41 U.S. Code § 1304 - Contract clauses and certifications
prev | next
(a) Repetitive Nonstandard Contract Clauses Discouraged.— The Council shall prescribe regulations to discourage the use of a nonstandard contract clause on a repetitive basis. The regulations shall include provisions that—
(b) When Certification Required.—
(1) By law.— A provision of law may not be construed as requiring a certification by a contractor or offeror in a procurement made or to be made by the Federal Government unless that provision of law specifically provides that such a certification shall be required.
(2) In federal acquisition regulation.— A requirement for a certification by a contractor or offeror may not be included in the Federal Acquisition Regulation unless—
(3) Executive agency procurement regulation.—
(A) Definition.— In subparagraph (B), the term “head of the executive agency” with respect to a military department means the Secretary of Defense.
(B) When certification requirement may be included in regulation.— A requirement for a certification by a contractor or offeror may not be included in a procurement regulation of an executive agency unless—
Source(Pub. L. 111–350, § 3,Jan. 4, 2011, 124 Stat. 3693.)
|Revised Section||Source (U.S. Code)||Source (Statutes at Large)|
|Pub. L. 93–400, § 29, as added Pub. L. 103–355, title I, § 1093, Oct. 13, 1994, 108 Stat. 3273; Pub. L. 104–106, title XLIII, § 4301(b)(2)(A), (c), Feb. 10, 1996, 110 Stat. 657, 658.|
Current Certification Requirements
“(A) Not later than 210 days after the date of the enactment of this Act [Feb. 10, 1996], the Administrator for Federal Procurement Policy shall issue for public comment a proposal to amend the Federal Acquisition Regulation to remove from the Federal Acquisition Regulation certification requirements for contractors and offerors that are not specifically imposed by statute. The Administrator may omit such a certification requirement from the proposal only if—
“(i) the Federal Acquisition Regulatory Council provides the Administrator with a written justification for the requirement and a determination that there is no less burdensome means for administering and enforcing the particular regulation that contains the certification requirement; and
“(ii) the Administrator approves in writing the retention of the certification requirement.
“(B)(i) Not later than 210 days after the date of the enactment of this Act, the head of each executive agency that has agency procurement regulations containing one or more certification requirements for contractors and offerors that are not specifically imposed by statute shall issue for public comment a proposal to amend the regulations to remove the certification requirements. The head of the executive agency may omit such a certification requirement from the proposal only if—
“(I) the senior procurement executive for the executive agency provides the head of the executive agency with a written justification for the requirement and a determination that there is no less burdensome means for administering and enforcing the particular regulation that contains the certification requirement; and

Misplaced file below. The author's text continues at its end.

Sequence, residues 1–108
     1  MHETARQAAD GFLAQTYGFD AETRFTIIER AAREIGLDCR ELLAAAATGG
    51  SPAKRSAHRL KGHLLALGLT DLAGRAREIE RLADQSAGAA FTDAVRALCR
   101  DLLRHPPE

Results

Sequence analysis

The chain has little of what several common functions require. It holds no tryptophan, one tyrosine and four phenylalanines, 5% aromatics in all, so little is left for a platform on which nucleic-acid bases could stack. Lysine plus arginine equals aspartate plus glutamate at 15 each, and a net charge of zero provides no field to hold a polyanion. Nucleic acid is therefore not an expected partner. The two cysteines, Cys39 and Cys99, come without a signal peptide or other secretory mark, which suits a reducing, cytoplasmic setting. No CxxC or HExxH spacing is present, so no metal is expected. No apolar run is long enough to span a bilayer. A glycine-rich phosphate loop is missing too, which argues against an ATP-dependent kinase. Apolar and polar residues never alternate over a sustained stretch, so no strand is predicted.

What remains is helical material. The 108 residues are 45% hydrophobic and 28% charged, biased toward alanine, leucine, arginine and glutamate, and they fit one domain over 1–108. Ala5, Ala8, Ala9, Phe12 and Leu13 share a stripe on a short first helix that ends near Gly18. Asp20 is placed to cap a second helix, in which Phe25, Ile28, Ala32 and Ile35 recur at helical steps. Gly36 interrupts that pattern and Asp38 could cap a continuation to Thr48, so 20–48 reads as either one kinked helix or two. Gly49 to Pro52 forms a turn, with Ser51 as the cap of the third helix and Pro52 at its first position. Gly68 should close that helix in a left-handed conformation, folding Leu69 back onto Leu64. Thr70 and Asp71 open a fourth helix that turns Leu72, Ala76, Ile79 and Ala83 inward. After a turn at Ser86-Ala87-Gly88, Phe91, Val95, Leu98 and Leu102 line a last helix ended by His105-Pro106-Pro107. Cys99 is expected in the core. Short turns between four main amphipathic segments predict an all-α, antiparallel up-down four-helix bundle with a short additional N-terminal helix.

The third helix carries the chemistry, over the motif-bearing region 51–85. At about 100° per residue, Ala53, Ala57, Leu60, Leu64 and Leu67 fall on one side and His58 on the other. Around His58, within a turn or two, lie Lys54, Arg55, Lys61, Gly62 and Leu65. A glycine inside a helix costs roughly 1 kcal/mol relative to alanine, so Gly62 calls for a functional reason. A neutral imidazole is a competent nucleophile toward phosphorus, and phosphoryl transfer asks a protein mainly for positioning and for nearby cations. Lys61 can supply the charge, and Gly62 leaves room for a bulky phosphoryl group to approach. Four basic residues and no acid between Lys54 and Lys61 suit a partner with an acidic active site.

“(II) the head of the executive agency approves in writing the retention of such certification requirement.
“(ii) For purposes of clause (i), the term ‘head of the executive agency’ with respect to a military department means the Secretary of Defense.”
Addressing Tax Delinquency by Government Contractors
Memorandum for the Heads of Executive Departments and Agencies
The Federal Government pays more than half a trillion dollars a year to contractors and has an important obligation to protect American taxpayer money and the integrity of the Federal acquisition process. Yet reports by the Government Accountability Office (GAO) state that Federal contracts are awarded to tens of thousands of companies with serious tax delinquencies. The total amount in unpaid taxes owed by these contracting companies is estimated to be more than $5 billion.
Too often, Federal contracting officials do not have the most basic information they need to make informed judgments about whether a company trying to win a Federal contract is delinquent in paying its taxes. We need to give our contracting officials the tools they need to protect taxpayer dollars.
Accordingly, I hereby direct the Commissioner of Internal Revenue (Commissioner) to direct a review of certifications of non-delinquency in taxes that companies bidding for Federal contracts are required to submit pursuant to a 2008 amendment to the Federal Acquisition Regulation. I further direct that the Commissioner report to me within 90 days on the overall accuracy of contractors’ certifications.
I also direct the Director of the Office of Management and Budget, working with the Secretary of the Treasury and other agency heads, to evaluate practices of contracting officers and debarring officials in response to contractors’ certifications of serious tax delinquencies and to provide me, within 90 days, recommendations on process improvements to ensure these contractors are not awarded new contracts, including a plan to make contractor certifications available in a Government-wide database, as is already being done with other information on contractors.
Executive departments and agencies shall carry out the provisions of this memorandum to the extent permitted by law. This memorandum is not intended to, and does not, create any right or benefit, substantive or procedural, enforceable at law or in equity by any party against the United States, its departments, agencies, or entities, its officers, employees, or agents, or any other person.
The Director of the Office of Management and Budget is hereby authorized and directed to publish this memorandum in the Federal Register.Barack Obama.
LII has no control over and does not endorse any external Internet site that contains links to or references LII.